I’m wondering who they think will vote for them in 2014 and 2016, especially after Romney was unable to turn out Republican voters.

Doomberg on January 7, 2013 at 3:07 PM

Why wouldn’t it work for Christie? The moderate has won the nomination every single time since 1988.

Xasprtr on January 7, 2013 at 3:19 PM

Why wouldn’t it work for Christie? The moderate has won the nomination every single time since 1988.

Xasprtr on January 7, 2013 at 3:19 PM

Because, unlike Romney, Christie doesn’t even recognize the need to be Conservative. Christie is a true RINO: somebody who only belongs to the party because it makes him something of a novelty among the liberals he runs with. He’s not a moderate, he’s a total phony. A 500-pound phony.

cicerone on January 7, 2013 at 4:52 PM

Say, why don’t Rubio, Jindal, Rand Paul, Ryan, and Cruz start a conservative movement akin to the one Bill Buckley started years ago and RINO’s like Kristol latched onto and perverted?

NOMOBO on January 7, 2013 at 6:23 PM

The Republican Party has never come to grips with the financial crisis that happened on Bush’s watch and has this kind of stale view of tax policy,

If there were any capacity for the mind to further boggle, after the last few years (there isn’t, really), it would do so now.

Let me translate this to clarify and make it understandable to the average non-specialist.

* The GOP, having never uttered a word to explain the reality of the financial crisis, its origins, and the best responses (apart from strong House opposition to the ridiculous TARP), in effect stipulated an insanely inaccurate fairy tale about the subject offered by the Dems/their press arm. So a “crisis” that had fewer bipartisan fingerprints on it than any in generations – it was entirely a product of non-market insanity, from the CRA to mau-mauing the banks to (esp.) Fannie/Freddie’s creation (you read that right) of the bogus securitized low-quality debt market – is, unbelievably, seen/portrayed as somehow the GOP’s fault.

* Having failed the country (important) and screwed itself (irrelevant) yet again in this manner, the best response is to adopt indefensibly idiotic policies on taxation and spending. Spending has exploded more than any time outside WWII (discretionary, not just entitlements – which properly defined are mostly discretionary, too, with the recent changes), while nominal tax rates are about average for the last 60 years, but with the tax burden less equitably shared than has ever been the case since the introduction of the federal income tax (i.e., 50% are effectively exempted from the system. So with taxation a bit above what seems to be the historical max for vigorous growth, but spending at unprecedented levels (and this ignores the accounting gimmickry and debt gimmickry involving the Fed), the answer is ….. raise taxes!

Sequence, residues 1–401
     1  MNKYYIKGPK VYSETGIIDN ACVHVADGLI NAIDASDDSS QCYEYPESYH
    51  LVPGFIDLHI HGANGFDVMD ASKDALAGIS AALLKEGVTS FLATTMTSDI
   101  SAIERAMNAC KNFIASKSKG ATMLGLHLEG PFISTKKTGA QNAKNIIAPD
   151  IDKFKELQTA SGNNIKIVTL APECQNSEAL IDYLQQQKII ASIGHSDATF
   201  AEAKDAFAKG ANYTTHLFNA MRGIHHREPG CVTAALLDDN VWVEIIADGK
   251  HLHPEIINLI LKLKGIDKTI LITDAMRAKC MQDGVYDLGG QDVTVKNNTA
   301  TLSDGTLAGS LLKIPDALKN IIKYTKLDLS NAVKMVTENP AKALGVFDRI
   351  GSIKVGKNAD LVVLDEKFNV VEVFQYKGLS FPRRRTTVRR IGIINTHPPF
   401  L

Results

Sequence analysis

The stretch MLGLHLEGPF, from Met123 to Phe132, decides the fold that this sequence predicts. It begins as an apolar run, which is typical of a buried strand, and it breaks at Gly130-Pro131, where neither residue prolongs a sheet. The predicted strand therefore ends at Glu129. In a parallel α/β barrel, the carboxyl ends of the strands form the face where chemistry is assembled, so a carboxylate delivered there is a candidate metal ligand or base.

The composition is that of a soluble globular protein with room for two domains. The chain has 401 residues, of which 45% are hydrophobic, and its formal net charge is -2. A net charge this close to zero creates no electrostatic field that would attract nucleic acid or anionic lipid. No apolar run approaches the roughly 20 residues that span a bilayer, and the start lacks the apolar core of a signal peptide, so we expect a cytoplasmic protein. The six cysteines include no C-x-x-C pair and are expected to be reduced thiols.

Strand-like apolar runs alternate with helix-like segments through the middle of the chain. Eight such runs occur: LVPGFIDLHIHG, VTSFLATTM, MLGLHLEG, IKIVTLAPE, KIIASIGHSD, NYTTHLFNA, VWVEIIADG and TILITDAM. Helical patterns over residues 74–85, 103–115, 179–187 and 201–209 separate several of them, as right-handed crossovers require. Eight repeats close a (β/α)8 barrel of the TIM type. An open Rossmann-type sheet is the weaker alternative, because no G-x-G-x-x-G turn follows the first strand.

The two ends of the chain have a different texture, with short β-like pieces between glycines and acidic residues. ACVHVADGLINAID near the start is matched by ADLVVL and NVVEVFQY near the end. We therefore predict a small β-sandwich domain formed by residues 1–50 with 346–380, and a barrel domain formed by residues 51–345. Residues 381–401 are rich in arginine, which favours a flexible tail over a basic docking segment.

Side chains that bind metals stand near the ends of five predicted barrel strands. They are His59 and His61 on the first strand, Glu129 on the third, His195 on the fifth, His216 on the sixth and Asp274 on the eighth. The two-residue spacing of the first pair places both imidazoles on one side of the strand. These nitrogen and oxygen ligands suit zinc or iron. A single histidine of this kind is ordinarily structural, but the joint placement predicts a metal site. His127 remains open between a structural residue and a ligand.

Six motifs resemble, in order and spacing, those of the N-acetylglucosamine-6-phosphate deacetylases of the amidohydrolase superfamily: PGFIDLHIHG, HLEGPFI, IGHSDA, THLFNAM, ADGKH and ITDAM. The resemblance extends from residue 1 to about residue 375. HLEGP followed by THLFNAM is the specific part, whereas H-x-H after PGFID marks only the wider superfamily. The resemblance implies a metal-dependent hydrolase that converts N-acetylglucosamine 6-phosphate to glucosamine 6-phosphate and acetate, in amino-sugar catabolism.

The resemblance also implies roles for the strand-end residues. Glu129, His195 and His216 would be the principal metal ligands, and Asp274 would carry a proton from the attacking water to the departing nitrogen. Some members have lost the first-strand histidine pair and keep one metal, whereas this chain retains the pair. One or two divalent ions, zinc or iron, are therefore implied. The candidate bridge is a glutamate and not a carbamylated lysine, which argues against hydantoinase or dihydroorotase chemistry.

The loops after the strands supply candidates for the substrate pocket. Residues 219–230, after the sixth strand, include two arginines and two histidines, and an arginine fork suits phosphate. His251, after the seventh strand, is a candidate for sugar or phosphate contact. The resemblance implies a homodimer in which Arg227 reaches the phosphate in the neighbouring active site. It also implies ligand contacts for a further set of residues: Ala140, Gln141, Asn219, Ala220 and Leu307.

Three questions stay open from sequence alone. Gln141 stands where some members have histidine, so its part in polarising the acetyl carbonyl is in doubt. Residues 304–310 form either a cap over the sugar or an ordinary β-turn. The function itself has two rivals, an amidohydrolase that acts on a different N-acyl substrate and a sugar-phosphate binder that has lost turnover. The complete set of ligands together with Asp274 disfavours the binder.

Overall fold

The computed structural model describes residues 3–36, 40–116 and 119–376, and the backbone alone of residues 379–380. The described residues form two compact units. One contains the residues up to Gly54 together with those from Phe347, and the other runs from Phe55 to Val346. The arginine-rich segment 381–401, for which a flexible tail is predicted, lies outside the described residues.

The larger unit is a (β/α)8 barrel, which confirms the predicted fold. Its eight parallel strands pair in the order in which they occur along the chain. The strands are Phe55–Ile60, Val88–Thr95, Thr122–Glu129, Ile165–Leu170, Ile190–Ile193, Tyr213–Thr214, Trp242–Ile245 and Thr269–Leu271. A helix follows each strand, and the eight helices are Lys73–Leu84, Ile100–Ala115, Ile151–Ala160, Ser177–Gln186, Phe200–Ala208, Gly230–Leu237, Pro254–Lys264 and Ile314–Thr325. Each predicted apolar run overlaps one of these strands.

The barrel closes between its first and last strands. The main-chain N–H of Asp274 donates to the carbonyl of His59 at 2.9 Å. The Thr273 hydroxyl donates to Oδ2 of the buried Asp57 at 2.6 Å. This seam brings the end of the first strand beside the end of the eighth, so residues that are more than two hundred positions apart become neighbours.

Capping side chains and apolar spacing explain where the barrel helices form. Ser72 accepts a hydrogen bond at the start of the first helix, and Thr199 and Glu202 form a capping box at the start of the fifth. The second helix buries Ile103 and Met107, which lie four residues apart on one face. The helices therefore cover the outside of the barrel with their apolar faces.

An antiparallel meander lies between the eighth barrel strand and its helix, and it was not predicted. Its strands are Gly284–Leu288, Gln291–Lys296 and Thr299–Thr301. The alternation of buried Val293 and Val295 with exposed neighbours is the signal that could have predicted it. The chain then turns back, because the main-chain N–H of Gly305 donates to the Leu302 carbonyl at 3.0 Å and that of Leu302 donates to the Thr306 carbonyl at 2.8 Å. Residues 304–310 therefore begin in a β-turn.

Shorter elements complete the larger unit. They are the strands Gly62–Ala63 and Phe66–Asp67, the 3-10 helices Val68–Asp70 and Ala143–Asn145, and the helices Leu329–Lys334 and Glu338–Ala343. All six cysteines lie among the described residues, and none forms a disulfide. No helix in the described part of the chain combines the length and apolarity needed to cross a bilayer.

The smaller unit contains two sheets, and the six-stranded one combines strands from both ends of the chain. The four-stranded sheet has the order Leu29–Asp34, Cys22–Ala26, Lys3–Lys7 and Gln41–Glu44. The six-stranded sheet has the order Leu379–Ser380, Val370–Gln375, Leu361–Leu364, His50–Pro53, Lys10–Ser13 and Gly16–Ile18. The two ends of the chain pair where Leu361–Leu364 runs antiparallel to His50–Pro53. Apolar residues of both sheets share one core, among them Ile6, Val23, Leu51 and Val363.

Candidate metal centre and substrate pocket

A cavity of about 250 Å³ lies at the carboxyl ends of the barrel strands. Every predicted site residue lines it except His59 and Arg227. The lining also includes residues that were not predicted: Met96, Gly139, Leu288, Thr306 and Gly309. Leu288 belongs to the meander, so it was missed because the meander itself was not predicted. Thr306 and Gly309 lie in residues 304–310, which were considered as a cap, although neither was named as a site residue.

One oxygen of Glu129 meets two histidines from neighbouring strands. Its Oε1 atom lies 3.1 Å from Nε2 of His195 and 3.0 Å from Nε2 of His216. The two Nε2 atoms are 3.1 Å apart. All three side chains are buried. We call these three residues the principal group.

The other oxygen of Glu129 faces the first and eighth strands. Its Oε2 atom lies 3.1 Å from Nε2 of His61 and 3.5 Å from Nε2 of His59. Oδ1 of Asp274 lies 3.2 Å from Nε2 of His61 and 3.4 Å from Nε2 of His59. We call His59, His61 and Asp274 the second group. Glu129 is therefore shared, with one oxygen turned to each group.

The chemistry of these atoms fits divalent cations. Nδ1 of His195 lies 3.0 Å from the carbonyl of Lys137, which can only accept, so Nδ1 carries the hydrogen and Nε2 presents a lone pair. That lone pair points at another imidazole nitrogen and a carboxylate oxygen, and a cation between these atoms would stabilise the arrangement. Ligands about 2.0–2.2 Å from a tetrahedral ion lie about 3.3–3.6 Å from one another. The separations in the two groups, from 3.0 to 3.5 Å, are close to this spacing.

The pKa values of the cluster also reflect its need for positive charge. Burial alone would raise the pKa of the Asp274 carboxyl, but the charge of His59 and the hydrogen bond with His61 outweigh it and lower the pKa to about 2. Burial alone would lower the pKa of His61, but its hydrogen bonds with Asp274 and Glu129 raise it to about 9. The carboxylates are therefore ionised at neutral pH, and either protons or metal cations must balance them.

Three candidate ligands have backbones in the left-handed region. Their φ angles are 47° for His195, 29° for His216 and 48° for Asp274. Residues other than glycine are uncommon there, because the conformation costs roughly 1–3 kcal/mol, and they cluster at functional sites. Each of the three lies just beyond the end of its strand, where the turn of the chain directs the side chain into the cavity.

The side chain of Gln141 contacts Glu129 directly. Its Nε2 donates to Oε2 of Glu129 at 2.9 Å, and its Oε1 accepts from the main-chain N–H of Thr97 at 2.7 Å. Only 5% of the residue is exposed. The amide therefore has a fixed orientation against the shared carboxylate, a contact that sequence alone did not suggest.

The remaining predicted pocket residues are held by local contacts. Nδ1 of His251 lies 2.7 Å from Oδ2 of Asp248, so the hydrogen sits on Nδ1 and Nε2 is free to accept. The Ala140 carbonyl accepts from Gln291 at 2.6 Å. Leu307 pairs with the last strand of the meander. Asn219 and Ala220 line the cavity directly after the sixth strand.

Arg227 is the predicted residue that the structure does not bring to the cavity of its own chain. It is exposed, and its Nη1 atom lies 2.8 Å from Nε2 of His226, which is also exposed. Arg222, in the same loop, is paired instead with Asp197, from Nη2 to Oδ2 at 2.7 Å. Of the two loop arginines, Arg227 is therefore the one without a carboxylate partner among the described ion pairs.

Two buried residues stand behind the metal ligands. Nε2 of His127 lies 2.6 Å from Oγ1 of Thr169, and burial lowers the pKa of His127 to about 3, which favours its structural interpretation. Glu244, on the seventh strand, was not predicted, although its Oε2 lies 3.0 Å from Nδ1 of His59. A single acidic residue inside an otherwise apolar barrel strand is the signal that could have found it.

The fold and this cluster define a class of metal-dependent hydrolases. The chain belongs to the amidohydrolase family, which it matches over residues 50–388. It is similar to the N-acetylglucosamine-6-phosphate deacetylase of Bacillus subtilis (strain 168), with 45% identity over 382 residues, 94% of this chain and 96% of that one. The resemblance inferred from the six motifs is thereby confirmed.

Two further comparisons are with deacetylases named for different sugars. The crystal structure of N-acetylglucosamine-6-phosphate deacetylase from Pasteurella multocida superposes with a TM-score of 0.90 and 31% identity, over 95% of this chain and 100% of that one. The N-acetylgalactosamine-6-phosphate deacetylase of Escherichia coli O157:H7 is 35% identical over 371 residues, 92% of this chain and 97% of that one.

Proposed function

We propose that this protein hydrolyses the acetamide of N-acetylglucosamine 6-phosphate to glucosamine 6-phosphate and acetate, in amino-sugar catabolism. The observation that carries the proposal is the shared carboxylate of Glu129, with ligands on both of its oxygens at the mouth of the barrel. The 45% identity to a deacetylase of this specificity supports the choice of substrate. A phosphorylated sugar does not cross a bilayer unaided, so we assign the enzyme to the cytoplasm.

Ya know, one thing the US could really use is a partisan think tank that can analyze how to take obviously disastrous economic policies and make them work, for the first time.

There’s generally an excess of baseless whining about the “establishment” in terms of which candidates make it to the general election, but it is truly breathtaking how intellectually vapid the “elites” have become. It’s not just character problems – yes, we are talking about very very tiny little people in DC, and that includes Ryan and others who suck less than the others – but along with the cowardice and selfishness there is just a collapse in effective IQ levels (outside the Democratic Party, where this collapse took place years ago).

IceCold on January 7, 2013 at 7:14 PM

a centrist like Christie might have an advantage

Christie is no centrist. He’s a pinko democrat with a republican label. He’s even further left than rinos. Oh, and he sucks.

woodNfish on January 7, 2013 at 11:58 PM

Kristol really appears to have a single priority: hawkish foreign policy. Immigration, taxes, social issues are just distractions from the great conservative issue of of age: how to intervene in the middle east.

Clark1 on January 8, 2013 at 11:12 AM

The easy way to diffuse all the Democrat-courting among Republicans, including RINOs is to rearrange the primary schedule so that the redder states go first; thus, our candidates will be redder than they typically are now. If the RNC won’t agree to the new schedule, then the redder states like Texas ought to withhold their electoral votes.

TXJenny on January 10, 2013 at 10:59 PM